Box Office Prophets and the movie industry websites Hollywood Reporter and Variety haven't given their weekend projections based on the Friday numbers yet. But The Numbers does have those amounts and I was right: The Pursuit of Happyness won Friday night with $9 million, Eragon was a close second with $8.6 million and Charlotte's Web was an out-and-out disaster with $3.4 million. (The near empty screening I attended at 10:10 p.m. apparently wasn't because the earlier screenings were filled with families. The trailer gave me a bad feeling - too obvious and heavy-handed. And let's face it: some books just aren't meant to be made into movies and the delicate voice of EB White's classic is one of them. Leave it alone.) Neither "Apocalypto" nor "The Holiday" is gonna shock anyone with long legs. And while Eragon was a close second, I assume word of mouth is going to be poisonous (my friend biboy called to say he'd seen it with his son and said the movie was AWFUL -- he couldn't emphasize it enough), while the word of mouth on "Happyness" should be good. And "Dreamgirls" is tearing it up on three screens. I'll post the weekend estimates when they arrive.

Billboard's Top 10 Albums Of The Year

Billboard polls all its staffers and does an annual top 10 list, along with listing a bunch of their Top 10 lists and the lists of various artists. It's always fun to scroll through all the lists and if you find someone with similar tastes, any of their picks you don't know can be a good bet.Here's the final list for this year.

1. Bob Dylan -- Modern Times (65 points)
2. Bruce Springsteen -- We Shall Overcome: Seeger Sessions (58 points)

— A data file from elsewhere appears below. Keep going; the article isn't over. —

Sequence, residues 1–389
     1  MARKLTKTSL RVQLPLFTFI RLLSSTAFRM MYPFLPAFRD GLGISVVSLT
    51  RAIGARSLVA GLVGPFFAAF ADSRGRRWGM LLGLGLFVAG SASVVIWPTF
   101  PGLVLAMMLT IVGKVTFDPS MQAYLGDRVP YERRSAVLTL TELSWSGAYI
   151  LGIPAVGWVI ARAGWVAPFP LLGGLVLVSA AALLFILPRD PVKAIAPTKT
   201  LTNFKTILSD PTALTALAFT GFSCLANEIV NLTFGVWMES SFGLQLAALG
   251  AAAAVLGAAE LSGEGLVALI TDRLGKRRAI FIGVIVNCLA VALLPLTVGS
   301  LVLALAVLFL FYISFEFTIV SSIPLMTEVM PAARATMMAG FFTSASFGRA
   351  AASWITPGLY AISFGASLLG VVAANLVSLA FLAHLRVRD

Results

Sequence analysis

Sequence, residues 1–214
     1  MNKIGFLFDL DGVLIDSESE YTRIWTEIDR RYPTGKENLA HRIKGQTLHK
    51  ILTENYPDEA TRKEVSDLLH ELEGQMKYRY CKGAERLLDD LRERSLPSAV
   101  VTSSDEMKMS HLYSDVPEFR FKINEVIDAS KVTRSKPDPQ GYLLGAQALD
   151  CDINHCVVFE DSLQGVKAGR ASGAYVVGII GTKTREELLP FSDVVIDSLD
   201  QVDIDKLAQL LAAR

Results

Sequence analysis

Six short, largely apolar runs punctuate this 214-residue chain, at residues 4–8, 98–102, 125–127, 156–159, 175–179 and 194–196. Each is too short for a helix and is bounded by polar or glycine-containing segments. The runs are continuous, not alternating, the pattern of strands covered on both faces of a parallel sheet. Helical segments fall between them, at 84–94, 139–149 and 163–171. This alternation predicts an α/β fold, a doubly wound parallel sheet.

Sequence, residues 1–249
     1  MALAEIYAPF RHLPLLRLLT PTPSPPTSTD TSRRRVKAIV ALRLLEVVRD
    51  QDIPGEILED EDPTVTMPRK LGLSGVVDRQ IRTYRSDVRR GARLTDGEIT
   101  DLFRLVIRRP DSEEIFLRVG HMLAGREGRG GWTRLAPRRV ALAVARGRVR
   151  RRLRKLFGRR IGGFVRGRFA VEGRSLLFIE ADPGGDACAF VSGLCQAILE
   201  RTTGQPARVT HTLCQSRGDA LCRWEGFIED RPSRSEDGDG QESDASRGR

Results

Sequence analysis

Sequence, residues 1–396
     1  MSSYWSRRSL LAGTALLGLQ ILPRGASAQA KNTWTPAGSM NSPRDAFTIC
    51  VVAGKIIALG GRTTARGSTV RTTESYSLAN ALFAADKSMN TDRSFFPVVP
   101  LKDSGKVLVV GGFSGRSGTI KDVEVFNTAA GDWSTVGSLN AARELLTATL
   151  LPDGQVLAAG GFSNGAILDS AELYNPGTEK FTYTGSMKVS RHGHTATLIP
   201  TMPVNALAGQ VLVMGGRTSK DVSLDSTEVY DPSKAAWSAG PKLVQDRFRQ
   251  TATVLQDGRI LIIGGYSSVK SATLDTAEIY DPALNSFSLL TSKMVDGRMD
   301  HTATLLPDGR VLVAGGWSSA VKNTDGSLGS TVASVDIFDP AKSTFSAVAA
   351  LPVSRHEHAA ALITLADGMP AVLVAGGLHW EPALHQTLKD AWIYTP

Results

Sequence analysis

3. Gnarls Barkley -- St. Elsewhere (53 pts.)
4. Arctic Monkeys -- Whatever People Say I Am, That's What I'm Not (50 pts)
5. TV On The Radio -- Return To Cookie Mountain (47 points)
6. Tom Waits -- Orphans boxed set (39 pts -- is that better, gyrobo?)
7. The Hold Steady -- Boys and Girls in America (38 pts)
8. tie: Red Hot Chili Peppers -- Stadium Arcadium and Dixie Chicks -- Taking The Long Way (33 pts each)
9. tie: Tool -- 10,000 Days and The Beatles -- Love (27 pts)
10. Corinne Bailey Rae -- Corinne Bailey Rae (23 pts.)

"Day Break" and William Shatner's Game Show Cancelled

ABC has pulled the plug on William Shatner's game show "Show Me The Money" -- just days after ordering six more episodes, the teases. The muddled science-fiction show "Day Break" is also gone. (I almsot wrote SciFi show, but nowadays that would imply it was airing on the SciFi channel, so I changed it.) And NBC has cancelled a cop show they haven't even started airing yet called "Raines." Starring Jeff Goldblum, it's about a cop who imagines conversations with murder victims and "pairs" himself with them to solve the crime. These aren't supernatural visitations, apparently, just his mind's way of sifting through the evidence. In any case, it's gone, even though they've filmed seven episodes and plan to air them on Fridays. Those must have been some pretty hapless episodes (the pilot was filmed by Frank Darabont).

OJ Book Publisher Fired By FOX

Shaming Rupert Murdoch is truly an accomplishment and that's what Judith Regan has done with her sleazy OJ book. She was dumped last night at 7 p.m. from HarperCollins. It's unlcear whether all ties to FOX have been severed, but since this was so unceremonious, that's probably the case. Truly a bottom feeder, Regan produced the TV show "Growing Up Gotti," and a stream of tawdry titles like an upcoming Mickey Mantle bio disguised as a novel. She did a book with porn star Jenna Jameson; Jameson's image suffered from the connection. And where did Regan get her start? It couldn't be more telling: The National Enquirer. But the bottom line is that Regan makes money. She did massive bestsellers by Rush Limbaugh, Howard Stern and many others when no one else would go near them. She'll be back.